Adobe gifts internal file permissions to unwashed masses


7 years?

Haven't bugs like this been known for a whole lot longer than 7 years?

US Navy to remodel Hitler's San Diego bunker


starving children

> Think about how many starving children would be fed for months on this remodelling...


This is the United States government. We're not into that sort of thing.


New euro coin stuffs Turkey



America is busy struggling to remain a secular nation. We'll get back to you after the next election.

Cops seek 179mph net vid biker


bike speedometers..

are notoriously optimistic...at that speed, it could be over-reporting by 20% or more.

which would still make him a moron, just not a record-breaking moron.

AT&T turns screws on iPhone unlocker



@j: Central America is not a continent. It is generally considered to be a part of North America, although the actual geological situation is somewhat more complex than this.

@Gary: my mistake, I added when I should have subtracted.

@Dan: my mistake on the population density, but I still consider Bush a Texan (he was governor, after all), and hope that one day the Texan nationalists will secede and take the whole family with them. Besides, the Pacific time zone will grow when the governator decides he needs more "lebensraum" and annexes all of the nearby states.

And I stand by my statement that the name of the country is the fault of the Englishmen who created it.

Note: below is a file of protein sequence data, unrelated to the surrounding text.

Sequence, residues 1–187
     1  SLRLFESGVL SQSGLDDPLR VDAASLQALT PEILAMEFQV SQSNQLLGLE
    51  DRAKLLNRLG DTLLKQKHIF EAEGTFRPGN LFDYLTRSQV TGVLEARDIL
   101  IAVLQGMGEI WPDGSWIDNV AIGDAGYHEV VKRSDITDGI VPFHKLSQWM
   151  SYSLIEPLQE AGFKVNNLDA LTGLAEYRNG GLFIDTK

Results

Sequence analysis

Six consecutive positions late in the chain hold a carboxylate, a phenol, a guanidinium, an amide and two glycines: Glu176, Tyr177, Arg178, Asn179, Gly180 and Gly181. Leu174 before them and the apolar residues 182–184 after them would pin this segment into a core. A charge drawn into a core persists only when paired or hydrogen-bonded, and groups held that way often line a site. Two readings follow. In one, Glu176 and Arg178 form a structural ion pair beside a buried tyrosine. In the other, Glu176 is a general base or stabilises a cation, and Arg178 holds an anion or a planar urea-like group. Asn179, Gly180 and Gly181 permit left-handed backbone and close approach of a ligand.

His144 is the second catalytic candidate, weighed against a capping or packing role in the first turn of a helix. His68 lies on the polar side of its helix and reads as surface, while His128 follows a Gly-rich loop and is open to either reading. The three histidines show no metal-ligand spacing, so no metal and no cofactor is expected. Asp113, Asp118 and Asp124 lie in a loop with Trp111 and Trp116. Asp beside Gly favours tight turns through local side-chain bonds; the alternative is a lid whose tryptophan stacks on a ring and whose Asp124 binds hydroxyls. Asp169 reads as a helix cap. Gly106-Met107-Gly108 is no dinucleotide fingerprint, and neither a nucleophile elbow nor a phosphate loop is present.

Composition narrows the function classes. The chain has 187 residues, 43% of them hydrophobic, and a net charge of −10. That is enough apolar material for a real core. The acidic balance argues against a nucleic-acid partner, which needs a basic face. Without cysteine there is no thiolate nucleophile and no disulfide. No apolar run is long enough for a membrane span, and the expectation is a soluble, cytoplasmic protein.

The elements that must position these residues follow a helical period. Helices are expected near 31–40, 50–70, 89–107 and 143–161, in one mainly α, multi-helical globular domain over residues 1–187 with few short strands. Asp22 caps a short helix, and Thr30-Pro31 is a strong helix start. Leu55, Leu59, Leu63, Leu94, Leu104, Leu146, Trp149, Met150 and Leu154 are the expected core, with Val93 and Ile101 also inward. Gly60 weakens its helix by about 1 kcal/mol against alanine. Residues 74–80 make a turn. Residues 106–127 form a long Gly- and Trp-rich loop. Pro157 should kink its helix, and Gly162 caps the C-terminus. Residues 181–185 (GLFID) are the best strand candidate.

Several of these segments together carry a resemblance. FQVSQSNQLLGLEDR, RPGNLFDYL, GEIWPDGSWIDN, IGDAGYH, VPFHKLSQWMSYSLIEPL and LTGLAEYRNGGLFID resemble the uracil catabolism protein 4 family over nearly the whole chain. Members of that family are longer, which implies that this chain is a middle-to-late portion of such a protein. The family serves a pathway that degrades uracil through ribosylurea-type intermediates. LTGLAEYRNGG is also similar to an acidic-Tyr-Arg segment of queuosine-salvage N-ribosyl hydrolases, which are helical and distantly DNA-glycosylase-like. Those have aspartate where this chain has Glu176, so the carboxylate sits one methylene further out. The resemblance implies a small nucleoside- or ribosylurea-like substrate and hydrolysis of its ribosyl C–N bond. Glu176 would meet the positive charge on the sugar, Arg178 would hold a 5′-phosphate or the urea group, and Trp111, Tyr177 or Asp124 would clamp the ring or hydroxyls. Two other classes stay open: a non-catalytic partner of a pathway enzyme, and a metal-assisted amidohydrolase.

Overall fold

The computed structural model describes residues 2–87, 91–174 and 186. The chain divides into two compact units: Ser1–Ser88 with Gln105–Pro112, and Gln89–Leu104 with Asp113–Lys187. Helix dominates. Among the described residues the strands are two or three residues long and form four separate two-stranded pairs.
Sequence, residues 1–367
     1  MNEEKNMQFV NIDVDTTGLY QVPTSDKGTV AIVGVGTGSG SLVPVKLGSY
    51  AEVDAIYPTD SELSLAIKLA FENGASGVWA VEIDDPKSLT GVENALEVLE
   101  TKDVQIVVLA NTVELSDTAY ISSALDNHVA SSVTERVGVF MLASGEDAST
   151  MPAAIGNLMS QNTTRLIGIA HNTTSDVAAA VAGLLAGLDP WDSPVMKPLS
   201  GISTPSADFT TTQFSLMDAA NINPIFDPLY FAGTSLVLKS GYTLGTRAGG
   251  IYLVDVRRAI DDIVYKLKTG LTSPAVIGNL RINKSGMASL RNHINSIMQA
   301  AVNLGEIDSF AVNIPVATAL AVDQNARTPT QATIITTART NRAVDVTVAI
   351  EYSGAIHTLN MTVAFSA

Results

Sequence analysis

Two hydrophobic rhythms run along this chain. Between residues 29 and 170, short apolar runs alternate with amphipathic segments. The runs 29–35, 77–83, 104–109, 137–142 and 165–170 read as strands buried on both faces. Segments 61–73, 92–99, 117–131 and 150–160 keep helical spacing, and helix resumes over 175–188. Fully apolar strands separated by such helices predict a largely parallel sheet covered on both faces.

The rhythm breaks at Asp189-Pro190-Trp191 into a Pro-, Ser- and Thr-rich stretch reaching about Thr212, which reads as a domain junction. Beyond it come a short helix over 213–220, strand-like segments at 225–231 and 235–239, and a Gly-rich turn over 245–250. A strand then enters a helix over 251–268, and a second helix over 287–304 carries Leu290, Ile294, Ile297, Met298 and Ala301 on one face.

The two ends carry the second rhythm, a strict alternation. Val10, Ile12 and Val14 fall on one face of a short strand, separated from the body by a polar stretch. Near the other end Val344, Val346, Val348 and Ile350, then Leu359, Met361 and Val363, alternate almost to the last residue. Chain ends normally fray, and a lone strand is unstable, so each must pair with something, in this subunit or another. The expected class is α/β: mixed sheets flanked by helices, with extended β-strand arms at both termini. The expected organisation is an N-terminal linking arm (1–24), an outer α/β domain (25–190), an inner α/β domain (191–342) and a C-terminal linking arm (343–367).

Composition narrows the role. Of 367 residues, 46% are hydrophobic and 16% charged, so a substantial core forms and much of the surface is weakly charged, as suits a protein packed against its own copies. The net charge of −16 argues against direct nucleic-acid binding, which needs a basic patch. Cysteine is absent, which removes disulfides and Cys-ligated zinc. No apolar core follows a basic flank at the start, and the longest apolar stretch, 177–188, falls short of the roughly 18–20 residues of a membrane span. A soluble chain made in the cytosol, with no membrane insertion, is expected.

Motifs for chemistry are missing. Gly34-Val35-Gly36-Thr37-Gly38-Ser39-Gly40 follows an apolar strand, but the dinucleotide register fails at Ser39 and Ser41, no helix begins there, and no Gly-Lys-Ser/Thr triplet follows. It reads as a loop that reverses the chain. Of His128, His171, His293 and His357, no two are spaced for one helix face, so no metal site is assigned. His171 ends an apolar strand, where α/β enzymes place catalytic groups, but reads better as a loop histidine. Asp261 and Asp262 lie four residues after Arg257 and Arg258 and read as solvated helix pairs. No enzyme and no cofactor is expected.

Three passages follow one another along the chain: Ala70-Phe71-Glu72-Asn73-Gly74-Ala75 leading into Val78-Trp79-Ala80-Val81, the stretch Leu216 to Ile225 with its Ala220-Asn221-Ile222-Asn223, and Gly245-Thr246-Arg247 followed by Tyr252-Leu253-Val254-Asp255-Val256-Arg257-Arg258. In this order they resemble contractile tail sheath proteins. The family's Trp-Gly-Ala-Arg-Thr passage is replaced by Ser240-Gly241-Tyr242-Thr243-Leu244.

@Daniel Ballado-Torres

Speaking of not knowing things:

- The last time I checked, the Americas included *two* continents ("North America" and "South America") plus quite a large number of islands. Perhaps that nice young lady from the youtube video can find you a map.

- The Eastern and Pacific time zones (the two with the largest populations) are +5 and +8, respectively. Nobody wants to go to +7, because that is where George Bush lives.

- I agree, the Englishmen who named the country probably could have made a better choice. But what's done is done, and even saying "United States" instead isn't perfect, both because it results in having to use really stupid words to describe the citizens (United Statesians? Estadosunidenses?) and because the Estados Unidos Mexicanos also have fair claim on that name. Thankfully, their country was named by more sensible folk who understood the importance of scope and unique identifiers. (See, even an IT angle.)

Monster.com torpedoes rogue server as malware scam rolls on


if people can commit identity theft...

If somebody can get a credit card with the information in my resume, than the people giving out the credit need to fix their procedures. I'm not going to waste my time trying to keep my whole life a secret because they can't set up a better verification system...

EU officially endorses DVB-H



Other than trying to protect a nonexistent revenue stream for the telcos, what's to stop a handset being able to show dvb-t broadcasts? Would the power consumption be too high?

Seems such a model could work for a handset manufacturer here in Europe, where people are more likely to pick up their phone separate from their plan...